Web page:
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Korean J Fam Med > Volume 41(3); 2020 > Article
Kim: Does the Risk for Diabetes Related with Alcohol Drinking Depend on Facial Flushing?
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Approximately 50% of Koreans have an ALDH2 gene mutation, which can cause facial flushing after alcohol drinking, and it is recently known that various health problems occur in flashers [1]. Previous studies have shown that a smaller than usual amount of alcohol intake increased the risk for developing hypertension [2] and cardiovascular disease [3] in individuals with facial flashing. Furthermore, these individuals may have a greater chance of having risk factors for diabetes, such as metabolic syndrome and insulin resistance [4,5]. For that reason, it would be reasonable to assume that the risk for diabetes caused by alcohol drinking could also depend on facial flushing.
In the present issue, Kim et al. [6] investigated the association between alcohol consumption and the risk for prediabetes or type 2 diabetes mellitus (T2DM) by alcohol-induced flushing response in Korean male adults, particularly based on their body mass index. This study selected 1,030 male adults (158 non-drinkers, 364 flushers, and 508 non-flushers) who had medical checkups and found that when obese non-flushers consumed more than 8 drinks of alcohol on average per week, they had a higher risk for pre- or T2DM than that of non-drinkers. In contrast, it was found that obese flushers had an increased risk for pre- or T2DM even when consuming a relatively low amount of alcohol (>4 drinks/wk).
In light of these results, it can be said that the risk for diabetes increases with obesity and with increase in the amount of alcohol intake, but these risks depend on the presence or absence of facial flashing.
However, this interpretation requires caution. First, it is difficult to clarify that there is a causal relationship between risk for diabetes and facial flushing due to the limitation of the research design (cross-sectional study). Second, it is difficult to generalize the current results because the population of this study was limited to male adults who underwent health checkup in a single institution. However, as a result of several studies, it can be said that a small amount of alcohol intake can increase the risk for several chronic conditions in individuals with facial flushing. Therefore, primary care physicians should ask about facial flushing and provide advise accordingly when talking about health risk factors.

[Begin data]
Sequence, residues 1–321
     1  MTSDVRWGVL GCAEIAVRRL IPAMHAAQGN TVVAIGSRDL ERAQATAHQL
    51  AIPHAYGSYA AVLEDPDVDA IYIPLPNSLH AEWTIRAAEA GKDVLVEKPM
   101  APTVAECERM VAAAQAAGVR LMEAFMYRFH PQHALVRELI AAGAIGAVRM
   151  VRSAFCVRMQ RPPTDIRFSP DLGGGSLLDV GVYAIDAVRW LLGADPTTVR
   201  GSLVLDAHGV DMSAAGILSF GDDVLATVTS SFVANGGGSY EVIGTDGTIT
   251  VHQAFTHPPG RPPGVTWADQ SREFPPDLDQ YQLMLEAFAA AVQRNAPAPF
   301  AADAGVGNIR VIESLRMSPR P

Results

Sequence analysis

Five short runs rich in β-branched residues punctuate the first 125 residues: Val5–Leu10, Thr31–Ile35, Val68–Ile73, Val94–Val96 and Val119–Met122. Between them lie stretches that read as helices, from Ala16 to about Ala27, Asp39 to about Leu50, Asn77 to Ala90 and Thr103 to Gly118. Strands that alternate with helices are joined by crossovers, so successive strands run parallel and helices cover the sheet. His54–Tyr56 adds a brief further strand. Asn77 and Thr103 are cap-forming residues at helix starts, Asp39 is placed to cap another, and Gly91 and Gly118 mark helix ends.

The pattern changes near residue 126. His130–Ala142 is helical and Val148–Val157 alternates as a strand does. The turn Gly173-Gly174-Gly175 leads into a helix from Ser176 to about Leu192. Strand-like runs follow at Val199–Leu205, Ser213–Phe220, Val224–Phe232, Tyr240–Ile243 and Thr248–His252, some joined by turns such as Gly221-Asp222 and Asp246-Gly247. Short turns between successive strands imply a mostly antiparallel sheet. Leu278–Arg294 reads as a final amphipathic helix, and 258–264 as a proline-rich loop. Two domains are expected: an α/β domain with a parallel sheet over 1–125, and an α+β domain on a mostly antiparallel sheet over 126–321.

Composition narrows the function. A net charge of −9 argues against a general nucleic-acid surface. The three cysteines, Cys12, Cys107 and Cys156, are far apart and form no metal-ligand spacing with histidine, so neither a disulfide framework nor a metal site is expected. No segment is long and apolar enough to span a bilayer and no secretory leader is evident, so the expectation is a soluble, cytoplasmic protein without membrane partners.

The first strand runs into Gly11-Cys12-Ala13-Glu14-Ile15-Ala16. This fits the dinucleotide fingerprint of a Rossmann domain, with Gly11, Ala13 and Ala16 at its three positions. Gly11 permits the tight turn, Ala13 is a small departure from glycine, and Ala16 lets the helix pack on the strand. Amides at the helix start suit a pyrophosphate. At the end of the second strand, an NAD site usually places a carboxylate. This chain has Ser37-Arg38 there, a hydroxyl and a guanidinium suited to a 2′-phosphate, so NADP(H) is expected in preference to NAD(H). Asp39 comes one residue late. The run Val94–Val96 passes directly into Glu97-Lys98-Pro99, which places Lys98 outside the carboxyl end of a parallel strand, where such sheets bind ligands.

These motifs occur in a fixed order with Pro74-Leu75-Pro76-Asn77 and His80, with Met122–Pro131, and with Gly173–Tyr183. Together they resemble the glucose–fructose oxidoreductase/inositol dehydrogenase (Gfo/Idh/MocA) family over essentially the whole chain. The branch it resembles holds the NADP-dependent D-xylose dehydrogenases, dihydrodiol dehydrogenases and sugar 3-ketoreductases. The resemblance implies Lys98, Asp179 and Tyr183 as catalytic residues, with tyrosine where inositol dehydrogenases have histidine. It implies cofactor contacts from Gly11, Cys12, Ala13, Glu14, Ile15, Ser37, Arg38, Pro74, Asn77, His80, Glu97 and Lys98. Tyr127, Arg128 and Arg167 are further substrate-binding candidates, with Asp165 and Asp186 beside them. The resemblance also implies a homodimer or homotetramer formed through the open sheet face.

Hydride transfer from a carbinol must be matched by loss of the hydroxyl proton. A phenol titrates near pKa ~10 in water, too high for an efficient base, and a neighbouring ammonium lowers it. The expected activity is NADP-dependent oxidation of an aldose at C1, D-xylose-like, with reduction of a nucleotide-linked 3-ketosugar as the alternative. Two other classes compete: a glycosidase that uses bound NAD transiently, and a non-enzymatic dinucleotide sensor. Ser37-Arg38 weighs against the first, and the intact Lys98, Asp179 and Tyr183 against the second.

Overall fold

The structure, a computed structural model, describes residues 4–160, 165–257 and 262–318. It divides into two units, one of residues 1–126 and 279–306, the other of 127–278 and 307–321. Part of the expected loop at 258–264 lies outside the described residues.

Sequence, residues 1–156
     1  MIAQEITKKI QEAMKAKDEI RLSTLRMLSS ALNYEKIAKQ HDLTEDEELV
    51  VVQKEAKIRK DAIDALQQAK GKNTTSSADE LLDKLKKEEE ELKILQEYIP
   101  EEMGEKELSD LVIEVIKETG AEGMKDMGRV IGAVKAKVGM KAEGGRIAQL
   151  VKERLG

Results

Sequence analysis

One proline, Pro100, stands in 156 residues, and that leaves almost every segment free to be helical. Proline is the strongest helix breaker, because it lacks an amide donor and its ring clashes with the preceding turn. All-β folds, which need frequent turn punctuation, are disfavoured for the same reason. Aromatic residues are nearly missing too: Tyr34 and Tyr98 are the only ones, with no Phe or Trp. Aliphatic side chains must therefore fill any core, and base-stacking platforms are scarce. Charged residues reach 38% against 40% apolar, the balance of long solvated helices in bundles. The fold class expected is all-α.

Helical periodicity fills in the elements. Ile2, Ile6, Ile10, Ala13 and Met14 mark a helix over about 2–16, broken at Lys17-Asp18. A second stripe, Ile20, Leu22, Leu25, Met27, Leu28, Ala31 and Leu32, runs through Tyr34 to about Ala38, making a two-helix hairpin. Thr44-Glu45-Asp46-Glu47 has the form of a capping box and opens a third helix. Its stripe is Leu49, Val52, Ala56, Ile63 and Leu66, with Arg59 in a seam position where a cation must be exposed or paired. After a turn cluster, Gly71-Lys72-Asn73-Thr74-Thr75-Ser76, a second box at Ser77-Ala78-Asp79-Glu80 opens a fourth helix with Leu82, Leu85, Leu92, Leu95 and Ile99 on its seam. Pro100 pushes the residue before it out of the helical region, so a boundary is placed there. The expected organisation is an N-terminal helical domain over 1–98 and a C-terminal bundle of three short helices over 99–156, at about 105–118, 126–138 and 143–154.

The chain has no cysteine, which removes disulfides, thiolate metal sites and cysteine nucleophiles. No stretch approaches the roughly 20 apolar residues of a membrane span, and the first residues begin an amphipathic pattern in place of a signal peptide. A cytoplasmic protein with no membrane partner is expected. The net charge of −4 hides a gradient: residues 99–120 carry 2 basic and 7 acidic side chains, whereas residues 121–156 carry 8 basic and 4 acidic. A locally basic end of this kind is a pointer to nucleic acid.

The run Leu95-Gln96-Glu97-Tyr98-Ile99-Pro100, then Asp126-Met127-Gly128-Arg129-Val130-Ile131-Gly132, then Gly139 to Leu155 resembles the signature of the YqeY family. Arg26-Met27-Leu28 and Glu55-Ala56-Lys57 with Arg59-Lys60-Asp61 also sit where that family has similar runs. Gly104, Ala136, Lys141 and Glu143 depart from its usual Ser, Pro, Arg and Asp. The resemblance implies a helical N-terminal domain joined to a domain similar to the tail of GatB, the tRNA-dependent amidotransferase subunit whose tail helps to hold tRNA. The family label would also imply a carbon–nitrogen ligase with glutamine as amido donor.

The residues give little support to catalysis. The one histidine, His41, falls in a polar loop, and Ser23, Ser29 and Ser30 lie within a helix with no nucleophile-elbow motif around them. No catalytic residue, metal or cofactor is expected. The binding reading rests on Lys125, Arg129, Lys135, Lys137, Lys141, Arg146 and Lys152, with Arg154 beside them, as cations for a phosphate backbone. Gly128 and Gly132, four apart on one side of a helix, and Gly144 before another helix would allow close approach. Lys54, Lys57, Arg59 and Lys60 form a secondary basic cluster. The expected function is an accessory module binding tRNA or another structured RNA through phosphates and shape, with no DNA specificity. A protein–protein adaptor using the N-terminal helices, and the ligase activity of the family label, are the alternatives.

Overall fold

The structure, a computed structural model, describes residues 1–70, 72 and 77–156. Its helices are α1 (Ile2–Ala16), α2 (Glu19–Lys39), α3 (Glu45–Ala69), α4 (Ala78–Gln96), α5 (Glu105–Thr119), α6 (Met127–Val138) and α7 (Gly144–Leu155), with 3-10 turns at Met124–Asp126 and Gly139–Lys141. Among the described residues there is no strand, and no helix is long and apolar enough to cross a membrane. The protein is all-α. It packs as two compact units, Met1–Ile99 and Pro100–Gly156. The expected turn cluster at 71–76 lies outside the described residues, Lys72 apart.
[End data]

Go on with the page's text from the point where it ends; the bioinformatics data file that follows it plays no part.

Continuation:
Notes

No potential conflict of interest relevant to this article was reported.

REFERENCES

1. Lee S, Kim JS, Jung JG, Oh MK, Chung TH, Kim J. Korean alcohol guidelines for moderate drinking based on facial flushing. Korean J Fam Med 2019;40:204–11.
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2. Jung JG, Kim JS, Kim YS, Oh MK, Yoon SJ. Hypertension associated with alcohol consumption based on the facial flushing reaction to drinking. Alcohol Clin Exp Res 2014;38:1020–5.
crossref pmid
3. Suh HS, Kim JS, Kim SS, Jung JG, Yoon SJ, Ahn JB. Influence of the flushing response in the relationship between alcohol consumption and cardiovascular disease risk. Korean J Fam Med 2014;35:295–302.
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4. Seo YR, Kim JS, Kim SS, Jung JG, Yoon SJ. Association between alcohol consumption and metabolic syndrome determined by facial flushing in Korean women. Korean J Fam Med 2020;Feb 14 [Epub]. https://doi. org/10.4082/kjfm.19.0141.
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5. Jung JG, Kim JS, Oh MK. The role of the flushing response in the relationship between alcohol consumption and insulin resistance. Alcohol Clin Exp Res 2010;34:1699–704.
crossref pmid
6. Kim J, Kim JS, Kim SS, Jung JG, Yoon SJ, Seo YR, et al. Influence of facial flushing on pre- or type 2 diabetes risk according to alcohol consumption in Korean male. Korean J Fam Med 2020;41:153–60.
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